But let’s look at a scenario where a retiree does need their personal portfolio to work very hard; they are counting on that portfolio to deliver a generous component of their ongoing retirement funding needs. It’s time for those hard-earned monies to work for them. On the ‘rule of thumb’ spend rate for portfolios see my Boomer and Echo guest post The 4% Rule: Is There A New Normal for Retirees? You’ll read that historically a retiree with a sensible mix of stocks and bonds can spend at the rate 4%-4.5% of the portfolio value each year, with an adjustment or increase each year to compensate for inflation.
Given that we want some growth in the later stages of accumulation and we need that growth component to potentially earn returns above that 5% range, we do not want to abandon that Balanced Portfolio model, we still need those stocks.
To manage the risks, we want to keep that nice mix of Canadian, US and perhaps International stocks to work in concert with that bond component. And the most conservative range that we might move to is 80% to 70% fixed income. That’s a very conservative mix of course.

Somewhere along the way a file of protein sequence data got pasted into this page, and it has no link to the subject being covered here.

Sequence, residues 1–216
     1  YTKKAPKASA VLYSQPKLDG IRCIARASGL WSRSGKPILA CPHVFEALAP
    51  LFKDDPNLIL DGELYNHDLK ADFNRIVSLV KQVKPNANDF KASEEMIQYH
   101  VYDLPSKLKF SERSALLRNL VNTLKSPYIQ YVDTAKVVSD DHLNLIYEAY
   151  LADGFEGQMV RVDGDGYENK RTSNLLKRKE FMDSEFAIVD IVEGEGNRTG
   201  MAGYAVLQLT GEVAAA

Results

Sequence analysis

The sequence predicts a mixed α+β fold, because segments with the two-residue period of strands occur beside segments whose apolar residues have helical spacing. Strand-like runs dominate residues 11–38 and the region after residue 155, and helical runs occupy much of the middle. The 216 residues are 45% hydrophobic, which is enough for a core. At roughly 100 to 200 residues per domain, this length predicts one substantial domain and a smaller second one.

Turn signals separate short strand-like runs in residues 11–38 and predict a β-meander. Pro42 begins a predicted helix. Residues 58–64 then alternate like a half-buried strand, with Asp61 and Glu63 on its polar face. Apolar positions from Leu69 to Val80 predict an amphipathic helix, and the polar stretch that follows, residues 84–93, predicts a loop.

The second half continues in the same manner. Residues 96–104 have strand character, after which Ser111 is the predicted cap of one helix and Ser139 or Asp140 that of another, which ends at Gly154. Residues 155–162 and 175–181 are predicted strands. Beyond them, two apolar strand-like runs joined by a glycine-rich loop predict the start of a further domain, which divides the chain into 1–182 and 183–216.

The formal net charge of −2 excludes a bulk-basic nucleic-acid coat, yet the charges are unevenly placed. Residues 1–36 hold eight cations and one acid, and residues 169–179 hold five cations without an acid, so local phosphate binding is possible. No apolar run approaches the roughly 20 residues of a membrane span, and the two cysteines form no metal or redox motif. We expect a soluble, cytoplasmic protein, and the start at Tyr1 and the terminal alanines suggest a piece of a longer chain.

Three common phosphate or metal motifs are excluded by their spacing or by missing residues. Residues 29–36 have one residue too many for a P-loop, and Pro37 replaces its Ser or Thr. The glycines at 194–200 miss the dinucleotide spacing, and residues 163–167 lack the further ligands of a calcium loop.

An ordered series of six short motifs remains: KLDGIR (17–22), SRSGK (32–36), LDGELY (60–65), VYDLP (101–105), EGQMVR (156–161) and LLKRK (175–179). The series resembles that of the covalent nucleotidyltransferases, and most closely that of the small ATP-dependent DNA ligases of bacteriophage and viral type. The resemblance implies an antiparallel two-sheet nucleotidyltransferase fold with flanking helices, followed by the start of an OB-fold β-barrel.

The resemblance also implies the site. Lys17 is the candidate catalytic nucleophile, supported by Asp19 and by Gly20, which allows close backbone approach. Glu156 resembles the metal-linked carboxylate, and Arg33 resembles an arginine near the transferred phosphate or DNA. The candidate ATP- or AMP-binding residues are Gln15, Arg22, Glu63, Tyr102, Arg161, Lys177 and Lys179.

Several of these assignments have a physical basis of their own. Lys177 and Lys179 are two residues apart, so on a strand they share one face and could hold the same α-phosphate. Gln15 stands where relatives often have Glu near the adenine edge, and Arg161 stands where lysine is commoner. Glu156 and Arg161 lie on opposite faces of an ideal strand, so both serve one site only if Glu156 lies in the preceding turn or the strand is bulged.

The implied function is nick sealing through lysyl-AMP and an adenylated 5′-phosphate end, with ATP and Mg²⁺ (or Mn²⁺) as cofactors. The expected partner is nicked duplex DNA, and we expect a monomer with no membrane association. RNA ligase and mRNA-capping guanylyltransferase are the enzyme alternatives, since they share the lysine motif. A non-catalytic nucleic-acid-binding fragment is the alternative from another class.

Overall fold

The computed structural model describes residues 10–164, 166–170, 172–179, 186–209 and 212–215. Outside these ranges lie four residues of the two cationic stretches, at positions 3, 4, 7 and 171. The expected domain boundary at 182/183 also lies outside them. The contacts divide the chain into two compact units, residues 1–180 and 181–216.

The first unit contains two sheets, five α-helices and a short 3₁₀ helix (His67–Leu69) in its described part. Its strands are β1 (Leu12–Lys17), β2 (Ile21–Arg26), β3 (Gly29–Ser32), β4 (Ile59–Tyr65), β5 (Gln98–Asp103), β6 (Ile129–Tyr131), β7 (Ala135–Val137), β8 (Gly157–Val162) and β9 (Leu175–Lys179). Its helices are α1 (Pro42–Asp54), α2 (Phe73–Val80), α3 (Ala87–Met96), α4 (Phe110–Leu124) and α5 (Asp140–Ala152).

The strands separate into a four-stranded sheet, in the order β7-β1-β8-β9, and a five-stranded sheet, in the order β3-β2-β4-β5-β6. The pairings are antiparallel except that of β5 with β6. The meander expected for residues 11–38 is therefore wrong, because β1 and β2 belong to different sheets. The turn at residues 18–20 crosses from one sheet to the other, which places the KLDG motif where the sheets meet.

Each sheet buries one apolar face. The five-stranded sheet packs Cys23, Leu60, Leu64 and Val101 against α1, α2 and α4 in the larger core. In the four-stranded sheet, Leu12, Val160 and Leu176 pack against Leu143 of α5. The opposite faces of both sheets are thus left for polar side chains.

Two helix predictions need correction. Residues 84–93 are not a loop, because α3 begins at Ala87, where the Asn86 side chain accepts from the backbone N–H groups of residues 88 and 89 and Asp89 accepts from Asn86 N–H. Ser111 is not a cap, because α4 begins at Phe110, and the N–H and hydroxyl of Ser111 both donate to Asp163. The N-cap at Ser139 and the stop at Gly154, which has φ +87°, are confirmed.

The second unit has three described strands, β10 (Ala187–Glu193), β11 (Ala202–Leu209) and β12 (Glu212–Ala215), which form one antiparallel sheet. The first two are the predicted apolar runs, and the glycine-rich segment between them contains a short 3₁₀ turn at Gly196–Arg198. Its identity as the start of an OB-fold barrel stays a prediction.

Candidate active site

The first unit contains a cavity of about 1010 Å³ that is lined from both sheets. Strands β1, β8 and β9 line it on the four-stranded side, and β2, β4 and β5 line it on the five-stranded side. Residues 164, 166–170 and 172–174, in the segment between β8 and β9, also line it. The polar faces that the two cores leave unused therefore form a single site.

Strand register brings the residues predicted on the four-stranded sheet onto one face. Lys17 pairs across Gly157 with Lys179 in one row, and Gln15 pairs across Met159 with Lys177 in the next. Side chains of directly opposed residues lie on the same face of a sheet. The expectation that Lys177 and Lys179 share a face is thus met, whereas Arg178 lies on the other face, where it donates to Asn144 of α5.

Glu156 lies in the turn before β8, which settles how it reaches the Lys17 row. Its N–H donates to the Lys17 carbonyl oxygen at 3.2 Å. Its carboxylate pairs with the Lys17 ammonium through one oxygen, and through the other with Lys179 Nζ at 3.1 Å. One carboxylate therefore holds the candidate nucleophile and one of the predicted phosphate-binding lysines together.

The returns might be muted but you might be able to eek out 3% income from your fixed income component (a mix of bonds and GICs) and perhaps if stock markets continue to deliver 9-10% annual you must see a returns breakdown such as this:
- 70% of portfolio @ 3% = 2.1%
- 30% of portfolio @ 10% = 3%
That might give you a return in the 5% annual range if the stock market ‘rally’ continues and the bond market does not come under pressure.
Now it’s time to dollar cost average back into stocks
OK, so you’ve largely de-risked but you want and need your portfolio to work as hard as possible. When you hit that retirement date you can begin to increase your stock exposure over time. You might become a retiree stock ‘dollar cost averager’. Yup, you’ll employ the tried and true technique that many of us employ in the accumulation stage – you’re going to add to your stocks on a regular schedule.